IT spending in India to hit $112 billion in 2022 amid global uncertainties


IT spending in India is expected to reach $114.9 billion in 2022, up 7.7% from last year, according to a Gartner report on Friday.

Global economic uncertainty continues to be a concern for Indian businesses.

Indian IT spending is expected to maintain robust growth of 7.7% in 2022, compared to a growth rate of 21.2% in 2021.

“Continued investment in large-scale data centers, coupled with rising average selling price (ASP), is expected to drive 13.6% revenue growth for data centers in 2022. Digitalization and application modernization will trigger a software refresh, including the continued adoption of SaaS,” said Naveen Mishra. , senior analyst director at Gartner.

While IT spending is expected to increase, it will be at a much slower pace than in 2021 due to reduced spending on PCs, tablets and printers by consumers, driving device spending down 5% globally .

Global IT spending is expected to reach $4.5 trillion in 2022, a 3% increase from 2021, according to the latest Gartner forecast.

“Inflation is a priority for everyone. Central banks around the world are focused on fighting inflation, with headline inflation rates set to be reduced until the end of 2023,” said John- David Lovelock, Distinguished Vice President of Research at Gartner.

Organizations that don’t invest in the short term will likely fall behind in the medium term and may not be there in the long term, he added.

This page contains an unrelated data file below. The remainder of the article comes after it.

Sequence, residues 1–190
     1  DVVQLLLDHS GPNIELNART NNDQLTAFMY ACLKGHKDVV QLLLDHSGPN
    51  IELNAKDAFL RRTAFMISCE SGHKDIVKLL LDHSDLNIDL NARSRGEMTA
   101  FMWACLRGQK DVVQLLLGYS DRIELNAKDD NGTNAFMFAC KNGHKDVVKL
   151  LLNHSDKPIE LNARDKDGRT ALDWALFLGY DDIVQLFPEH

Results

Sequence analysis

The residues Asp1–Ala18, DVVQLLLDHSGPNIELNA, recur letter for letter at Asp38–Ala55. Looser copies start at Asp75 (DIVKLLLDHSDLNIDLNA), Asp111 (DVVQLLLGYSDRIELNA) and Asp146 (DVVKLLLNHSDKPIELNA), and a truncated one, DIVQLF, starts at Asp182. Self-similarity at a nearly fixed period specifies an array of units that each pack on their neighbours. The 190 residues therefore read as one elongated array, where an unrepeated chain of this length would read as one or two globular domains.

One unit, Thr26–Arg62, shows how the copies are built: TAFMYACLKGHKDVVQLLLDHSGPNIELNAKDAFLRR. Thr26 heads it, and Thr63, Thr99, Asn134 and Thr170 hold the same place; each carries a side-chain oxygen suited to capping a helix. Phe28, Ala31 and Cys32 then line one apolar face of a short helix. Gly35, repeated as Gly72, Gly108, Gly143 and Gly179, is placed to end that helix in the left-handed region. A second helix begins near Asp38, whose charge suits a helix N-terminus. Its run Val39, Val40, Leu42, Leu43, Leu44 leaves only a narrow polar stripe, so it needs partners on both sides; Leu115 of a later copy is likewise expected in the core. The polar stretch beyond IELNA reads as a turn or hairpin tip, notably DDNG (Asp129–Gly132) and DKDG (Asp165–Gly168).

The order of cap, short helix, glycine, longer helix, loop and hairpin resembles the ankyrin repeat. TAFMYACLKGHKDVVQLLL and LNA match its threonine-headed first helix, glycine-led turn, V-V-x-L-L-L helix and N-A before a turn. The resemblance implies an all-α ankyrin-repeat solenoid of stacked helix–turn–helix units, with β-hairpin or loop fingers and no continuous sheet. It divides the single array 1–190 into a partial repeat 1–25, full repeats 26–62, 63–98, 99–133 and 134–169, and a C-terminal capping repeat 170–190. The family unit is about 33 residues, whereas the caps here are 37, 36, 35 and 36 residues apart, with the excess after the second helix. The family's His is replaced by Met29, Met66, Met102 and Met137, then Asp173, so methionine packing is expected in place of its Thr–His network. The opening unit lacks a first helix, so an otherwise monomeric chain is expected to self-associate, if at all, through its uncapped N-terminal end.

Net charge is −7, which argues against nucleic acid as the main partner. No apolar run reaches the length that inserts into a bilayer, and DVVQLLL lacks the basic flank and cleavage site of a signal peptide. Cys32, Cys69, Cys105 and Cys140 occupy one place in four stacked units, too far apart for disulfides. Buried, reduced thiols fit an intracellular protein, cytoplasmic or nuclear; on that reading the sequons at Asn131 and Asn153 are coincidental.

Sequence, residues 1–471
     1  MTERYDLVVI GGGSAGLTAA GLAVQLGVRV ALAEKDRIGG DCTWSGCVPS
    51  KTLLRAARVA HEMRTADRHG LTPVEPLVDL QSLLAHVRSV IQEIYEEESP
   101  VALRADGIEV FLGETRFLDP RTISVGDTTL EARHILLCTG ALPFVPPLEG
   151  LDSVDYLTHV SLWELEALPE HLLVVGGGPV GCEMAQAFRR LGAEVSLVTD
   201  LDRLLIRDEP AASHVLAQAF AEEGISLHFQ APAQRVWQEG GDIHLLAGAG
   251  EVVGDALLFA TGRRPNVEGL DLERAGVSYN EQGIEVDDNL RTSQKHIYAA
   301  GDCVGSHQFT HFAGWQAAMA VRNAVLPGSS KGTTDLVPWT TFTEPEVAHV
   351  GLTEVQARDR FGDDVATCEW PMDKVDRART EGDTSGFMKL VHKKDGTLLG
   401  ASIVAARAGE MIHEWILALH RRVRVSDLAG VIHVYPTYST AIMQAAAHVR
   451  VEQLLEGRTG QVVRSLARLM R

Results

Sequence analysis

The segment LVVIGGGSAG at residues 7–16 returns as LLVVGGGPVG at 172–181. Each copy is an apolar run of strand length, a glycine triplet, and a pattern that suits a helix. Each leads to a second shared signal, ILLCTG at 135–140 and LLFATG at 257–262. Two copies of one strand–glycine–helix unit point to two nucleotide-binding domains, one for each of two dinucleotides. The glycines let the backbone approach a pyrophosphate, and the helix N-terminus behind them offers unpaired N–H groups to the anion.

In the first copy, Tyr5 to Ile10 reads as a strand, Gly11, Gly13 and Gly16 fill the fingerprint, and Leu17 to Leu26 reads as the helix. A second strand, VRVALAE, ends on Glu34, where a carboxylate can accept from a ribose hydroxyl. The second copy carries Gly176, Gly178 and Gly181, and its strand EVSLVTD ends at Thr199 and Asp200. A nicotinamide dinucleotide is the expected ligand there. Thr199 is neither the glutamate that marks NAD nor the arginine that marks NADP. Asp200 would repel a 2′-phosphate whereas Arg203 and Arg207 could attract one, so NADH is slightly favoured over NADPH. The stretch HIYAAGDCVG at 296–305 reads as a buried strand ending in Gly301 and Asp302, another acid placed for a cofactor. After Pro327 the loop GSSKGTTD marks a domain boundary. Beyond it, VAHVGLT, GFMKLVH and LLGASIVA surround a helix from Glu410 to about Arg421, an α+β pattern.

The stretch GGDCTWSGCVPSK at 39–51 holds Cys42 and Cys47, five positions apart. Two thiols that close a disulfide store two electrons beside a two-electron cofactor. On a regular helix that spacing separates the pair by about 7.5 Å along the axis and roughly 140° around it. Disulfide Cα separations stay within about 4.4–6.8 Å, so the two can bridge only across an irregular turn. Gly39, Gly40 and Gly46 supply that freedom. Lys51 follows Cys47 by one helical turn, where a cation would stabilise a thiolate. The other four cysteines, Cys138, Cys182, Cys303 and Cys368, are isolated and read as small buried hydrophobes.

The critical IT skills shortage felt around the world is expected to ease by the end of 2023 when business drive to drive digital transformations slows and there has been time to upskill and reskill existing staff.

However, in the short term, CIOs will be forced to take steps to balance growing IT demand and shrinking IT workforces.

Global software spending is expected to grow 9.6% to $806.8 billion in 2022 and global IT services spending is expected to reach $1.3 trillion.

“Tasks that require lower skill sets tend to be outsourced to managed services companies to reduce staff time, while critical strategic work, which requires high-end skills that many companies cannot afford, will be increasingly provided by outside consultants,” Lovelock said.


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(Only the title and image of this report may have been edited by Business Standard staff; the rest of the content is auto-generated from a syndicated feed.)

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